Repeat: you won’t hear me yelling at individuals. But you will hear me talking about the various segments of our population that refuse the vaccine, spread erroneous information about the vaccine, and otherwise impede the expansion of the protection the vaccine certainly provides.

And yet you continue to ridicule those who disagree with you.

Dan Fienen

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Re: Fear Is Deadlier Than Viruses
« Reply #53 on: November 26, 2021, 11:55:06 AM »
Am I clear on this? You would rather people get Covid than have businesses shut down? You would rather have people get Covid than go through the difficulties of schools being closed? Did I get that right?
As in much else in life, it is a question of cost/benefit. You downplay the costs of the kinds of mitigation efforts that you recommend as though shutting down businesses, schools, churches were minor inconveniences, easily compensated for. That is like calling the burning down of a police precinct building in a riot throwing a few rocks at a window. Talk to parents who have seen the deleterious effects on their children that the school closures brought. Oh wait, you don't talk to people because they might carry Covid.


Over 38,000 people died in traffic accidents during 2020. Many of those deaths could have been prevented if there were a national 30 mph speed limit on all roads and highways. Wouldn't it be worth it to have everybody slow down to 30 mph if it would save lives?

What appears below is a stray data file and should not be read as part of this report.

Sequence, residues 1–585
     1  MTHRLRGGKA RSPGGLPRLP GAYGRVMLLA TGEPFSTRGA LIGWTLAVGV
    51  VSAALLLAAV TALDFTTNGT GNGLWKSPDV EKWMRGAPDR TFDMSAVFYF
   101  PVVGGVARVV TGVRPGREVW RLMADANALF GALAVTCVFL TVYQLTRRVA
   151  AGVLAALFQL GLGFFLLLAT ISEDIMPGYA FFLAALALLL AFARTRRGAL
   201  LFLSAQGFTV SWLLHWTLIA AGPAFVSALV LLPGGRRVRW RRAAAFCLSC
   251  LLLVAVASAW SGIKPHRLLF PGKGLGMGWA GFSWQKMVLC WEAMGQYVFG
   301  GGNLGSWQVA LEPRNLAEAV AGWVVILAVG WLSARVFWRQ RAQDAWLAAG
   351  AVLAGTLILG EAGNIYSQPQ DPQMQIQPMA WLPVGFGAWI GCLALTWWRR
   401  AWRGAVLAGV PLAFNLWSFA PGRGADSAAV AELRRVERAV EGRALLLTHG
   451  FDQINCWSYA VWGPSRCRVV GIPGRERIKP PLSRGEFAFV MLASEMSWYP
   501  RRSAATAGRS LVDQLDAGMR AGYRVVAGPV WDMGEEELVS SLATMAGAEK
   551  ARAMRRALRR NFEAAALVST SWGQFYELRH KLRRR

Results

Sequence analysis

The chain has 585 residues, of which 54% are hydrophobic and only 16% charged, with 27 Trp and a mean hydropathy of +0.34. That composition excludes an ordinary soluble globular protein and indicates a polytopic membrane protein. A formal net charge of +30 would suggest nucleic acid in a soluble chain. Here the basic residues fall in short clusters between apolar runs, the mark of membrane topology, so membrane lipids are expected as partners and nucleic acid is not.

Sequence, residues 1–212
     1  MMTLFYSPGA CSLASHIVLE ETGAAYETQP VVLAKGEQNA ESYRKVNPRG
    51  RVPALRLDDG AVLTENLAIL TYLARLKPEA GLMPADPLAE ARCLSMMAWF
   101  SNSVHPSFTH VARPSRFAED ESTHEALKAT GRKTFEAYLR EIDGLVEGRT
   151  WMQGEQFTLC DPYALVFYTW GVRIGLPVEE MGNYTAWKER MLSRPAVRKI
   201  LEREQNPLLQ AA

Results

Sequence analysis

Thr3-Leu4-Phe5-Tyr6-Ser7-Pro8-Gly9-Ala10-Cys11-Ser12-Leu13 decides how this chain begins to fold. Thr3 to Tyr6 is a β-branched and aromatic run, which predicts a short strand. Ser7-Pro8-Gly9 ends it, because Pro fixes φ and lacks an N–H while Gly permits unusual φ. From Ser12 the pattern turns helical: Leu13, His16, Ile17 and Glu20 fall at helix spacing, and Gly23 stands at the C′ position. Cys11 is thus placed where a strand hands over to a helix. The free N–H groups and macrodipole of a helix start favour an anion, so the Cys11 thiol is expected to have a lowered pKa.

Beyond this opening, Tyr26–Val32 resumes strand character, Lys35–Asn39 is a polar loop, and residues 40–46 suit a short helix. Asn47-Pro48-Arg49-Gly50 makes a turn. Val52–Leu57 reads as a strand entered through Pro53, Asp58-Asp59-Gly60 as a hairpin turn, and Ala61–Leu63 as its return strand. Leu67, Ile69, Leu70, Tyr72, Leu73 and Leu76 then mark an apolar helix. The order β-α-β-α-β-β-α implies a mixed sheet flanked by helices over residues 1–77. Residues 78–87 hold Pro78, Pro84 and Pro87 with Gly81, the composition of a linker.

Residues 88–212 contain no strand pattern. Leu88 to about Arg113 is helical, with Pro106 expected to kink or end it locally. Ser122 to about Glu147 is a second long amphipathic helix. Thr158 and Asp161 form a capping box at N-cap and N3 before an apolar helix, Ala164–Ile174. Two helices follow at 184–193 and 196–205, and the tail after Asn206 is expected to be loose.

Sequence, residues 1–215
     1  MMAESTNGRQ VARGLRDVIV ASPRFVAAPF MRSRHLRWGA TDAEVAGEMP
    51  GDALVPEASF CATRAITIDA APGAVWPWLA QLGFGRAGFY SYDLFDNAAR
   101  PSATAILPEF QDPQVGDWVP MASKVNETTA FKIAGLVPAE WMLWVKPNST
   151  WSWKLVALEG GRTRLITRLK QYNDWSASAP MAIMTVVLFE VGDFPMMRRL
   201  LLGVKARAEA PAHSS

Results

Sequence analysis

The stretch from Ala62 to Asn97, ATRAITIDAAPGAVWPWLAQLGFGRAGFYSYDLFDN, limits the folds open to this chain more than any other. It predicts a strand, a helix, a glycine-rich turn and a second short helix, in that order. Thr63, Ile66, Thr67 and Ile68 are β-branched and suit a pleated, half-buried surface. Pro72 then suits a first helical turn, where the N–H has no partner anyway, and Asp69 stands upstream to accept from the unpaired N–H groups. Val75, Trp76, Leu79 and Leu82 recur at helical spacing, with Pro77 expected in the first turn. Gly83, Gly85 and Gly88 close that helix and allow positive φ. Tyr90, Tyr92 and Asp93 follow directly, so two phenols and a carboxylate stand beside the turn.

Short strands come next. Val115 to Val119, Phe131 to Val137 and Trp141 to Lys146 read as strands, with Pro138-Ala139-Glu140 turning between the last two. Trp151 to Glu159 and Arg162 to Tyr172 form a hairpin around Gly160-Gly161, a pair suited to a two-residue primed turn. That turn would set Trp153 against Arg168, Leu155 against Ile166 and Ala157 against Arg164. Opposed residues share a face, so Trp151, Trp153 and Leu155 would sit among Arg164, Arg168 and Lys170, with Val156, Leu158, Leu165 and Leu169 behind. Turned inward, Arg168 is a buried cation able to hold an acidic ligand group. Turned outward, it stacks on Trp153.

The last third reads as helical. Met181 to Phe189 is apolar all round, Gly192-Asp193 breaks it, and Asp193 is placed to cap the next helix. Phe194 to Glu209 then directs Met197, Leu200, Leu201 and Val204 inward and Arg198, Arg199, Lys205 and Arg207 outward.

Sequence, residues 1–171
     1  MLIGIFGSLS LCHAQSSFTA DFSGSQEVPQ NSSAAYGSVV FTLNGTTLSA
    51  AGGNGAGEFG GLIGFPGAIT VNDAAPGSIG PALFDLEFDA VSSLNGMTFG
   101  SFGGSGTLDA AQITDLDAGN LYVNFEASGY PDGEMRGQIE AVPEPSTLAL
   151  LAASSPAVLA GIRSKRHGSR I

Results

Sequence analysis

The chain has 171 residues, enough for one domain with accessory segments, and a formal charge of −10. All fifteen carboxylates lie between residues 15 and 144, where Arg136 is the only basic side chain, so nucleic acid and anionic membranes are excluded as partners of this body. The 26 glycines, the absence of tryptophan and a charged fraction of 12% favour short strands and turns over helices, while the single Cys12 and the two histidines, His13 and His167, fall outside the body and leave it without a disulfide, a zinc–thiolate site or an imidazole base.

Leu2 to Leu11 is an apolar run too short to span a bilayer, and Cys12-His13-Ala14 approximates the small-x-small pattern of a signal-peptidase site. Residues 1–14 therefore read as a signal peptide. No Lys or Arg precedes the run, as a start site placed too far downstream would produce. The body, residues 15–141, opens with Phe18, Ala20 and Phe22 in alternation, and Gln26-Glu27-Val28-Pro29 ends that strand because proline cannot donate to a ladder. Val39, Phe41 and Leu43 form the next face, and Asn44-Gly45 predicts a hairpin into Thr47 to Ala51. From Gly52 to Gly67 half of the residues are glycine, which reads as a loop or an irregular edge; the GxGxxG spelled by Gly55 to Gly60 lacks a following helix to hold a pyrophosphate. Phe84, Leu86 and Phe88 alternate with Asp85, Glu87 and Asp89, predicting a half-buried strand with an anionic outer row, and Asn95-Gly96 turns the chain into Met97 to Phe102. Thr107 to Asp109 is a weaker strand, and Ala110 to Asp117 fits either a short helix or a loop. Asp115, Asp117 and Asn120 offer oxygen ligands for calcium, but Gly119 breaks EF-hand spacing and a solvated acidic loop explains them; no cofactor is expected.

Climate change is a major concern. One contributor to climate change is travel. If it would help mitigate climate change, would it be worth it to ban all nonessential airplane travel if it would help with climate change, especially banning overseas air travel for vacation or pleasure? A major contributor to greenhouse gasses is the manufacture of cement, it accounts for between 5% and 8% of world-wide CO2 emissions.  Perhaps we should ban the manufacture of cement (and thus concrete) to save the planet. While we are about it, automobiles are a major contributor. Ban personal automobiles?


At what point do we end up destroying lives to save them?
Pr. Daniel Fienen
LCMS

Brian Stoffregen

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Re: Fear Is Deadlier Than Viruses
« Reply #54 on: November 26, 2021, 12:15:56 PM »
You can’t say it is foolish in any particular circumstance unless you know the pros and cons and the values of the person involved. If someone you know to be wise makes a deliberate, considered decision that you think foolish, that should give you pause. Maybe the decision isn’t foolish. And even if you maintain your position that he decided wrongly, you should at least now know that reasonable people can disagree simply because you’ve seen it happen. Not everyone is in the same position or values the same things or fears the same things.

Take a grocery store clerk in spring of 2020. Should they continue working or stay home? Certainly staying home reduced the risk of getting or transmitting Covid. But working in the store also served the neighbor and possibly fulfilled central vocations by providing for a family. People might make either choice in all wisdom and faithfulness depending upon their circumstances and assessment of the pros and cons. Why not let people make their own choices given that only they know all the factors weighing into their decisions? That is especially true of someone’s most personal and intimate health decisions. Unless they’re deliberately harming someone, they should make their own choices.